Sometimes the best answer is also the most obvious one. When it comes to keeping burglars out of your house, the basics make the biggest difference: Lock your doors and windows.
It may sound like a no-brainer, but according to the Federal Bureau of Investigation, 27.8 percent of the total burglaries committed in the United States in 2006 were no-force entries. This means that in more than 607,000 burglaries that year, the thieves simply opened an unlocked door or window and went right in.
Lock Image Gallery
The more than 2.2 million burglaries in the United States in 2006 accounted for $4 billion in lost property, and the average loss amounted to more than $1,800 per victim. While the FBI takes into account businesses and homes alike for their statistics, residential burglaries made up more than 66 percent of all burglaries in 2006. Notably, 63 percent of residential burglaries took place during the day [source: FBI].
So what does all of this tell the average homeowner about the average burglar? For one, it points out that most thieves prefer to work when no one is around. Since you can't very well quit your job, arm yourself with a shotgun and lay in wait day after day for a burglar, you're going to have to take steps to reinforce your home's defenses.
It's commonly held that if a determined burglar wants to get inside your house, he or she eventually will. But you can make it an uncomfortable and dangerous experience. To do this, you have to think like a criminal. Walk around your house, inside and out, and "case the joint." Look for signs of weakness, where a burglar could most easily gain entry.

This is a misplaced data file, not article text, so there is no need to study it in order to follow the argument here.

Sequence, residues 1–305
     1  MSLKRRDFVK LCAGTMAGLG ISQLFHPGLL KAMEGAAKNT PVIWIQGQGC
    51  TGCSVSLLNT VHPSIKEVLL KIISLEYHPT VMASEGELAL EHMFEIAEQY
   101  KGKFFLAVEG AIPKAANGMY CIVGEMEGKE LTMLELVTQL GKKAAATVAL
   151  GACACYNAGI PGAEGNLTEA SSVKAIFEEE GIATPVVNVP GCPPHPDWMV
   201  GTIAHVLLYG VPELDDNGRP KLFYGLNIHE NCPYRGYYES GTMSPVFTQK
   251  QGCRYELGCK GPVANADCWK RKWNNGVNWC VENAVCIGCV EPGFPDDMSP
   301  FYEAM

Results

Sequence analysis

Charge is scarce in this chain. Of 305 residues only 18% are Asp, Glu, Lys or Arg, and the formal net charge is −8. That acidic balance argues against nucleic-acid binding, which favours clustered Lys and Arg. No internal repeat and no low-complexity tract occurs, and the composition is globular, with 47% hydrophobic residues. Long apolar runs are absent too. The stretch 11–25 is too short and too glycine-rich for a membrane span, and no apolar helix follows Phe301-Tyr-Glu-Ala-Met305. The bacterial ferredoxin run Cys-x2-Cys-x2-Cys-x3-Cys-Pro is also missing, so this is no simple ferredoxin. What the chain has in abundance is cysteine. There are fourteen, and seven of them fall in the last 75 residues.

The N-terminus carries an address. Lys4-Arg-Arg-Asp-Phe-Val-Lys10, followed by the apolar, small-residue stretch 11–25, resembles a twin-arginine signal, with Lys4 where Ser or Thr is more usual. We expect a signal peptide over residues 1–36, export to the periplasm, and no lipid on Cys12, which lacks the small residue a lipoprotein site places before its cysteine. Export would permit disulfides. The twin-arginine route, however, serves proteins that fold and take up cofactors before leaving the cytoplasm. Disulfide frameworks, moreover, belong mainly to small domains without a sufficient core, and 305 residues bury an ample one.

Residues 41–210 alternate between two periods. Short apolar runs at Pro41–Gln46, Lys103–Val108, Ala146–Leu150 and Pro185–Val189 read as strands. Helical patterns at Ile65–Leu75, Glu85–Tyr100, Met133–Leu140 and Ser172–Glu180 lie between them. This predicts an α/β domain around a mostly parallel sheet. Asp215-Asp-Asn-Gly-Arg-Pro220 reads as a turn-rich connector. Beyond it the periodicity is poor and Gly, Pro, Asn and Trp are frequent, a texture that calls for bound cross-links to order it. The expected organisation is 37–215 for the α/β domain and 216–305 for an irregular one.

Begin with your locks. It's recommended that your door have at least one deadbolt lock, with a one-inch or longer throw (meaning the bolt passes one inch into the door frame). Ideally, the deadbolt lock should be a double cylinder lock, one that requires a key on either side of the door. This is especially the case with doors that have glass panes within 40 inches of the door knob. In this situation, a burglar can easily break the glass and reach in to unlock the dead bolt if it has a turn knob rather than a keyhole.
In some areas, however, double cylinder dead bolts are a violation of the fire code, since they can trap a person inside his or her burning home. If double cylinders are unlawful in your town, you can solve the problem by simply replacing your glass-paned door with a solid one.
Solid metal doors or solid wood doors with metal sheathing outside, along with a peephole, are optimal. But your door is only as good as the frame that holds it. Investing in a solid metal frame with at least one three-inch screw for each hinge plate can make it difficult for a burglar to kick your door frame right off the surrounding wall.